Letter to the Editor

1004

Tolerate diverse views

It's not often that public representations of opinion crop up on campus that conflict with my personal views about the world.  In my days at DePauw, I have seen a lot of pro-immigration, pro-environment, pro-AIDS awareness and pro-identity groups putting their views on display.

At the end of last week, I was admittedly taken aback to see a presentation of crosses that conflicted with my personal views on abortion. I am pro-choice and the crosses were speaking out against abortion. Over the weekend, you may have come across the sad and powerful image of white crosses lying in the mud outside of the Hub. At my first encounter with the horizontal crosses, I assumed Mother Nature had taken a stance on the abortion issue, a likely possibility considering the crazy weather we have been having. By my third or fourth time walking by, I wondered if the dilapidated crosses could have been an act of vandalism instead.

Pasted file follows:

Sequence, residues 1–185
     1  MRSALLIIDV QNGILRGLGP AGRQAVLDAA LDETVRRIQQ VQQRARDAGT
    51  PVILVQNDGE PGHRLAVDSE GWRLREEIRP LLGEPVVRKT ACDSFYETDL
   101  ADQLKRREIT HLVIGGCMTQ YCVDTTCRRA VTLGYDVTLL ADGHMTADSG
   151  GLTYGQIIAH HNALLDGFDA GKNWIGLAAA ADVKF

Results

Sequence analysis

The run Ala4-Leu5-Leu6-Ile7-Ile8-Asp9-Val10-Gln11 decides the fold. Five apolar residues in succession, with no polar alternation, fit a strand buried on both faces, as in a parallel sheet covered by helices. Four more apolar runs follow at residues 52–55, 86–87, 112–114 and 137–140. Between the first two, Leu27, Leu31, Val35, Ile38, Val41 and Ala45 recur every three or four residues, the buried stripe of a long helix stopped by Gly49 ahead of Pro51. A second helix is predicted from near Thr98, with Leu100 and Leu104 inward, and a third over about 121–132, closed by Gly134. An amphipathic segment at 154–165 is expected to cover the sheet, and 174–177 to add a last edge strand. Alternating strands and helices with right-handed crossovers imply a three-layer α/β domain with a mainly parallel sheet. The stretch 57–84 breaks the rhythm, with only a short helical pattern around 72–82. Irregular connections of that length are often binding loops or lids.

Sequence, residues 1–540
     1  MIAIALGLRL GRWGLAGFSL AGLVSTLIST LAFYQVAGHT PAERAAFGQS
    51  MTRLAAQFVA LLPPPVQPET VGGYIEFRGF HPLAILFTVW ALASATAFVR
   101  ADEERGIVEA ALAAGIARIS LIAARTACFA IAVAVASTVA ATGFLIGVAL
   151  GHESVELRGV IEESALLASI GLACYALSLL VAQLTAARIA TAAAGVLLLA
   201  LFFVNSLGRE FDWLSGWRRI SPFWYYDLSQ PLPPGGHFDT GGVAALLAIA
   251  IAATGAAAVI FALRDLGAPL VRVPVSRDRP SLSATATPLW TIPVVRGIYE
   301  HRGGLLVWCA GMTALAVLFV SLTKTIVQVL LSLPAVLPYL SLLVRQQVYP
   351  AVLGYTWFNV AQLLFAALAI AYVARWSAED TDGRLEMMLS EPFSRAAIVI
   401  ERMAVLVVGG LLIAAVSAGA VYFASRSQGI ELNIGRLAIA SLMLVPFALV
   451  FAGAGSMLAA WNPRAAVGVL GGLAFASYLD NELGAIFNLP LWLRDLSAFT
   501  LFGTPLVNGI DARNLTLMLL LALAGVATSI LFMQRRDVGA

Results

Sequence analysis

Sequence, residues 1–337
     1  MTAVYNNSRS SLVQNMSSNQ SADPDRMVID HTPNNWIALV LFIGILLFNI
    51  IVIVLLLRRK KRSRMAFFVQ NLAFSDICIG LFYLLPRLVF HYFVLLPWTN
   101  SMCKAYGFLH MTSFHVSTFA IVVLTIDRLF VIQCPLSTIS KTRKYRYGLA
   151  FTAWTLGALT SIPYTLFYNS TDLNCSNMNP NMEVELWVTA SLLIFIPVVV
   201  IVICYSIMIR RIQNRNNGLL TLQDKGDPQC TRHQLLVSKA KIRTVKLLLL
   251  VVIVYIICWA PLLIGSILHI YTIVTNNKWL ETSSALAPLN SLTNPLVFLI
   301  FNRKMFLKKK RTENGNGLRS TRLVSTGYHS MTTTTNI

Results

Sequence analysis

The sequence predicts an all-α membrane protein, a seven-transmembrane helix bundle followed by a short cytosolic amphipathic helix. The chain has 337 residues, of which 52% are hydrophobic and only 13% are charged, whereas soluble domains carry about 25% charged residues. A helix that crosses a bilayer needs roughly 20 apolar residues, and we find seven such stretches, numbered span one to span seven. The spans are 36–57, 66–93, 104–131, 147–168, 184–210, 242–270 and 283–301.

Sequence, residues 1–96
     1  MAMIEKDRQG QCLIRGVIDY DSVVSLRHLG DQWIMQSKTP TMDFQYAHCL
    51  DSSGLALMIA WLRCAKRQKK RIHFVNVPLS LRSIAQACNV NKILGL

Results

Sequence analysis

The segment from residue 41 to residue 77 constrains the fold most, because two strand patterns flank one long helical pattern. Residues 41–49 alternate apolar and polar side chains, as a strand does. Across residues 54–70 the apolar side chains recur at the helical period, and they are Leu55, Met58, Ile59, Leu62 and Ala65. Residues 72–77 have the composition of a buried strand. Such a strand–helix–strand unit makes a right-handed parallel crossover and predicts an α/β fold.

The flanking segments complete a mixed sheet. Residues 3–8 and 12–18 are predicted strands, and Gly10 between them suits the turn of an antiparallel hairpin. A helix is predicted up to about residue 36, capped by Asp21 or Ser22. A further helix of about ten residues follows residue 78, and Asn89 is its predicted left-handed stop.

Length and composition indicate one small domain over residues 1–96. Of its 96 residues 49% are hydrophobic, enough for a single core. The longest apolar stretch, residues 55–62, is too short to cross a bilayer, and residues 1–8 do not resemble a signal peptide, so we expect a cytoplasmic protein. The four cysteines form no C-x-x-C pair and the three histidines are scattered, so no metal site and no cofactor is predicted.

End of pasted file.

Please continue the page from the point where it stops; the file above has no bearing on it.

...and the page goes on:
We are quickly approaching the one year anniversary of the Cinco de Mayo incident, when a derogatory Facebook event triggered a significant response from the DePauw community.  The incident was a moment of ignorance and intolerance we don't want to relive, but can continue to learn from. While the Constitution protects the freedom of speech, we live in a community that requires tolerance and respect.  We must remember that our words and actions can hurt.

I am not sure whether or not the crosses laying on the ground this weekend were vandals acting out of reckless disrespect or as a statement on the abortion debate, but if so, it served as a reminder of lessons we occasionally forget. Everyone has the right to their opinion, but no one has a right to tear down the work of others.

When we cannot tolerate the views of someone else, we can make displays of our own or engage in a productive conversation to share our beliefs.  The outdoor blackboard was but 15 feet away from the crosses, so even a dissenter without time for crafts could have shared a message from the other side of the debate. Conversations on controversial issues should not be squashed, but we must be productive and not destructive.

— Chelsey Jonason, senior